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I suppose we could apply the terms "publishing-oriented" and
"database-oriented", but again, people's view of what a database is may
conflict as well.
Ah - but one runs into trouble there as well (you'll no doubt here "but
my publications are stored in a database in my content management
system"). I would keep "publishing-oriented" - and make the terms
"publishing-oriented" and "exchange-oriented".
Booz | Allen | Hamilton
Doug Rudder wrote:
> Picking a term is always difficult because it often comes down to semantics
> (even the term "semantic" has different semantic value in different
> contexts). Last December, Elliotte provided a brief definition of
> "narrative" and "record-like" which made a lot of sense and proved helpful
> in coordinating data-sharing with our sister company:
> "All XML documents are documents. All XML documents contain data. I prefer
> to talk about
> "narrative" documents and "record-like" documents. In narrative documents
> order generally matters a great deal and mixed content is common. In record
> like documents order is of limited importance and mixed content is rare."
> The company I work for publishes pharmaceutical reference products, both
> print and electronic. Our sister company produces database applications for
> pharmacies. Understanding the differences between the types of content
> structures we deal with helped define the problem space of integrating the
> two data sets and develop a solution.
> I suppose we could apply the terms "publishing-oriented" and
> "database-oriented", but again, people's view of what a database is may
> conflict as well.
> Douglas Rudder firstname.lastname@example.org
> "If we've learned anything from the first 5 years of XML,
> it's that it can't succeed as a "big ball of mud" that
> pollutes document applications with data-specific concepts
> or data applications with document-specific concepts."
> -- Mike Champion
> -----Original Message-----
> From: Chiusano Joseph [mailto:email@example.com]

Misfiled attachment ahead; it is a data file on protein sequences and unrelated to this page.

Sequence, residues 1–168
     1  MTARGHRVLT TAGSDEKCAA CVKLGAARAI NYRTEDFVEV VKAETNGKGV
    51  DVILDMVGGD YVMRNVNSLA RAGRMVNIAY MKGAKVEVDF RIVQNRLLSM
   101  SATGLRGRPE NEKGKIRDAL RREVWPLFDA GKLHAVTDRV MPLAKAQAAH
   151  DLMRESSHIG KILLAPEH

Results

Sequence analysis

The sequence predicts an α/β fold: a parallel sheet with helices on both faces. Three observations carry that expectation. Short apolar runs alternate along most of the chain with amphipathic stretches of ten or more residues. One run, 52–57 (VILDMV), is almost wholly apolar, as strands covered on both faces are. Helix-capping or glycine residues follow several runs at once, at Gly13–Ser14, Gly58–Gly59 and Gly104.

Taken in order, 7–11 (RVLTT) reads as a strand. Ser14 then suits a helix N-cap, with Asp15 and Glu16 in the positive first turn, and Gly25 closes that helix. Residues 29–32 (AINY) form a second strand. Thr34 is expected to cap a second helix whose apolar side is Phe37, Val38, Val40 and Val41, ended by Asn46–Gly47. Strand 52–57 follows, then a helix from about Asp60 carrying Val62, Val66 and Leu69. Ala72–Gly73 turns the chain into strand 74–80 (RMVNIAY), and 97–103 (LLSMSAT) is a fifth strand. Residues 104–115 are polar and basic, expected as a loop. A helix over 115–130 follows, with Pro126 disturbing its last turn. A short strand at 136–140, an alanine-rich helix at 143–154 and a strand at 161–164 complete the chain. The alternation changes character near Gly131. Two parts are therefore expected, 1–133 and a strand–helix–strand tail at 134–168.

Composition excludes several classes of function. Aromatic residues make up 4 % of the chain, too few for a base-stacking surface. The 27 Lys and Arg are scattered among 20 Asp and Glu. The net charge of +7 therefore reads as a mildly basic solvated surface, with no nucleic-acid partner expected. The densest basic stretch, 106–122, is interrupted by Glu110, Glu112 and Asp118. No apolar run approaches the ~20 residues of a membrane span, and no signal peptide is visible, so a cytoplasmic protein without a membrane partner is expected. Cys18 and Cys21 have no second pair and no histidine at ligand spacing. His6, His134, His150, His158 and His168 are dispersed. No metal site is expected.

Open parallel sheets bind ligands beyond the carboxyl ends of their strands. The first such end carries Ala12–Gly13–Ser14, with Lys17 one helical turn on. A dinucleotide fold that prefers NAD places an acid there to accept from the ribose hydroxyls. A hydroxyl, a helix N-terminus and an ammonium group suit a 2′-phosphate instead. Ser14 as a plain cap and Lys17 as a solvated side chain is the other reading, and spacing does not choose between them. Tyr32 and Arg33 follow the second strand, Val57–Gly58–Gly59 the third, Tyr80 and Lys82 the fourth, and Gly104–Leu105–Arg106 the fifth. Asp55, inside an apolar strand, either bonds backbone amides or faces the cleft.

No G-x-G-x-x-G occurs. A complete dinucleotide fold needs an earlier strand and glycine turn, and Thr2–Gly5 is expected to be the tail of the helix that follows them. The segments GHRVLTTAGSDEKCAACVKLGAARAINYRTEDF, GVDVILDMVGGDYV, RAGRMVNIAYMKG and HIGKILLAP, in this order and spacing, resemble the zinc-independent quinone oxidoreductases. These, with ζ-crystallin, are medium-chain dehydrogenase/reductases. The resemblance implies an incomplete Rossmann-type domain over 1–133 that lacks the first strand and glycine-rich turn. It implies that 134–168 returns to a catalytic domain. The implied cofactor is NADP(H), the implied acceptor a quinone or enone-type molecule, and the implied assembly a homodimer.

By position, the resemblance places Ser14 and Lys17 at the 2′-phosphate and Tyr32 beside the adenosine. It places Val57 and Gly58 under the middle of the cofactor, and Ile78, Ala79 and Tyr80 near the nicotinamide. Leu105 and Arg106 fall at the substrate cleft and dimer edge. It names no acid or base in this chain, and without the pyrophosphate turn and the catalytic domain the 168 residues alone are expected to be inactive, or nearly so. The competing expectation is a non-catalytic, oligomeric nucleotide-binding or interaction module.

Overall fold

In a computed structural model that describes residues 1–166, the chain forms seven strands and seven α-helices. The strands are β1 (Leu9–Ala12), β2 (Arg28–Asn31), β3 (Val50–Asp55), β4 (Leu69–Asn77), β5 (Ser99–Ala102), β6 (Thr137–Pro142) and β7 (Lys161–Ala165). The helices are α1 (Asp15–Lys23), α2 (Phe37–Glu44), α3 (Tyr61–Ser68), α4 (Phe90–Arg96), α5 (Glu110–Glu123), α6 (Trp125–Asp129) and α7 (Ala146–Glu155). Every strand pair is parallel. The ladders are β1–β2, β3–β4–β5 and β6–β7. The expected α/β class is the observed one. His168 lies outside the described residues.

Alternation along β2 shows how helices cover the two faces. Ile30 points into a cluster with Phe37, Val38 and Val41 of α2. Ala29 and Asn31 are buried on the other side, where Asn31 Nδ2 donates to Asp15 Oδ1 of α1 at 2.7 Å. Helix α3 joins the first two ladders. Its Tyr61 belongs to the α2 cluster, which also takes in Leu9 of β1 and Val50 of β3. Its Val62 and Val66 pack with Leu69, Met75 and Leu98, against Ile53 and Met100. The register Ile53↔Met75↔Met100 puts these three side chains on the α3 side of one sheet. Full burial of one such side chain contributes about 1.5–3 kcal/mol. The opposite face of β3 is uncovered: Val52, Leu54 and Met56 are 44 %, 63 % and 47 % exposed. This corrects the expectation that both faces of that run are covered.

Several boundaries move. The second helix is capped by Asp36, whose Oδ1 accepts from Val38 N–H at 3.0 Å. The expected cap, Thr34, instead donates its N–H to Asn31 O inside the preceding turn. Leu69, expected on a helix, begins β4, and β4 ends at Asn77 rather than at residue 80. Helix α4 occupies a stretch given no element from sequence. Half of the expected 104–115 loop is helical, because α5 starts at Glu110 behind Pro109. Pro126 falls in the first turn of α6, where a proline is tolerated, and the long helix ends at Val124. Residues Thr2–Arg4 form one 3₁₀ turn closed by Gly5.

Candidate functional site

> Sent: Monday, August 18, 2003 8:25 AM
> To: Elliotte Rusty Harold
> Cc: Doug Rudder; firstname.lastname@example.org
> Subject: Re: [xml-dev] XML database enviroment using PostgreSQL
> Sure - I think a concrete example would better illustrate my point.
> Several years ago I worked on the prototype of a US Environmental
> Protection Agency initative called "Central Data Exchange (CDX)". CDX
> is the point of entry (a central hub) for environmental data submissions
> to EPA from entities such as governemnt agencies, states, localities,
> tribes, and laboratories. The submissions would be along the lines of
> water testing results, factory emmissions, etc. In this context,one may
> classify this XML information as "data-oriented"/"exchange-oriented",
> rather than "document-oriented"/"record-oriented".
> However, because of various regulations, EPA was required to archive the
> submissions not only as they were received - but in every stage of their
> life cycle (i.e. whatever processing was applied to the data, such as
> conversion from XML to flat-file format). These archives - a.k.a
> "records" - were required to be retained for certain number of years (I
> *believe* 25 years), for multiple reasons among which was to allow them
> to be used as evidence in litigation if necessary.
> So in summary, this "data-oriented"/"exchange-oriented" XML was also
> considered to be "record-oriented".
> Kind Regards,
> Joe Chiusano
> Booz | Allen | Hamilton
>  http://www.epa.gov/cdx/
> Elliotte Rusty Harold wrote:
> > At 3:28 PM -0400 8/14/03, Chiusano Joseph wrote:
> > >Thinking more about the term "record-like" for what is commonly called
> > >"data-oriented" XML: One may run into some disagreement with the notion
> > >that "document-oriented" (or narrative) XML does not involve records (I
> > >am intentionally speaking very generally here). For example, given the
> > >recent Sarbanes-Oxley Act here in the U.S., every "type" of XML is
> > >expected to be record-oriented.
> > >
> > Could you elaborate on that point? That doesn't seem at all
> > self-evident to me. I'm not sure what you mean.
> > --
> > Elliotte Rusty Harold
> > email@example.com
> > Processing XML with Java (Addison-Wesley, 2002)
> > http://www.cafeconleche.org/books/xmljava
> > http://www.amazon.com/exec/obidos/ISBN%3D0201771861/cafeaulaitA
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